Sie sind hier: FRIAS School of Life Sciences … Fellows Kathryn Cheah

Kathryn Cheah

External Senior Fellow
November 2011 - October 2012

Department of Biochemistry
The University of Hong Kong
L3-73, Laboratory Block
21 Sassoon Road
Hong Kong

Tel. (852) 2819 9240


    Kathryn S.E. Cheah, PhD, is Chair of Biochemistry since 1997 and Head of Department from 1997 to 2009. She was the Director for the LKS Faculty of Medicine Centre for Reproduction, Development and Growth from 2004 to 2009. Her university education was obtained in the UK, at University of London, and the University of Cambridge, where she was also a Brooks Scholar. She was a postdoctoral fellow in the University of Manchester and a Research Fellow at the Imperial Cancer Research Fund in London before joining the University of Hong Kong in 1983. Kathy Cheah has been an Honorary Professor, Peking Union Medical College, Beijing, China since 1997. In 2000 she was awarded the University of Hong Kong's Outstanding Researcher Award and also the Croucher Foundation Senior Fellowship. She is the founding President of Hong Kong Society for Developmental Biology and was the President of the International Society for Matrix Biology 2006-2008.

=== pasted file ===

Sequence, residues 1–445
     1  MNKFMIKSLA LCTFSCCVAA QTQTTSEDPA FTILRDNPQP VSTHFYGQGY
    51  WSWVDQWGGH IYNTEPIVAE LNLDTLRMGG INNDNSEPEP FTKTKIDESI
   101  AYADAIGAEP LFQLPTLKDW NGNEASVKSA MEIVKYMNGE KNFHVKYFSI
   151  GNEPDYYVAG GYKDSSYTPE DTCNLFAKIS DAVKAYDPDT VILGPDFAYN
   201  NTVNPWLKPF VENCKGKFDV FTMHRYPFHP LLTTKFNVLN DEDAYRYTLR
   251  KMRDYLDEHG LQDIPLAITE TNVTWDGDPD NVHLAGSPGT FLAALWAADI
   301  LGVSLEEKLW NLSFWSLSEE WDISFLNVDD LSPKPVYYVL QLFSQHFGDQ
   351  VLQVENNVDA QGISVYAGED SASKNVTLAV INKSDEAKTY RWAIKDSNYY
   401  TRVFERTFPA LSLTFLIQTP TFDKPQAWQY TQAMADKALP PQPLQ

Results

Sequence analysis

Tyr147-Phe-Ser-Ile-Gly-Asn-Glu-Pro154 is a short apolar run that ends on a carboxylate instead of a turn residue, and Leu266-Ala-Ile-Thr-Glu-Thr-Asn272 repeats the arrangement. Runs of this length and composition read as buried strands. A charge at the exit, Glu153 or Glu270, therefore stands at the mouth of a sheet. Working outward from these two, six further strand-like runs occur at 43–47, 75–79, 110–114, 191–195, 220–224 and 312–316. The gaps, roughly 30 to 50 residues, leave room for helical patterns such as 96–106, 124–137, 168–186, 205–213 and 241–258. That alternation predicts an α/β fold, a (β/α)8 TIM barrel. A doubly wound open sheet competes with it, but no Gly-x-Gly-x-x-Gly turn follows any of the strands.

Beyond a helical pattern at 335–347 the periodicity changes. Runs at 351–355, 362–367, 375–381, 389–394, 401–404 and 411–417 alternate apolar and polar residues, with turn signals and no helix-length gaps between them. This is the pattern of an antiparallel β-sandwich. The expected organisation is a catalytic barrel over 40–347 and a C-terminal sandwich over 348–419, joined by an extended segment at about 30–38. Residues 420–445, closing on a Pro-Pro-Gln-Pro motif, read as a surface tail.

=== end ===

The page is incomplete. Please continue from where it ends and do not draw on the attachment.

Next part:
Her research focuses on understanding gene regulation and function and how mutations cause disease, with an emphasis on the skeletal system and the inner ear. She has contributed insights into the regulation and function of genes in vivo and the molecular pathogenesis of disease by generating transgenic mice and mouse models and by studying human degenerative skeletal disorders especially degenerative intervertebral disk disease. She actively promotes public understanding of science in the region..


    FRIAS Project

    Mechanistic insights into chondrodysplasia caused by ER stress revealed by genetic and transcriptome analyses


    Selected Publications

    1. Y.H. Fan, y.Q. Song, D. Chan, Y. Takahashi, S. Ikegawa, M. Matsumoto, I. Kou, K.S. Cheah, P. Sham, K.M. Cheung, K.D. Luk: SNP rs11190870 near LBX1 is associated with adolescent idiopathic scoliosis in southern Chinese. J Hum Genet, 2012; 57 (4): 244-246.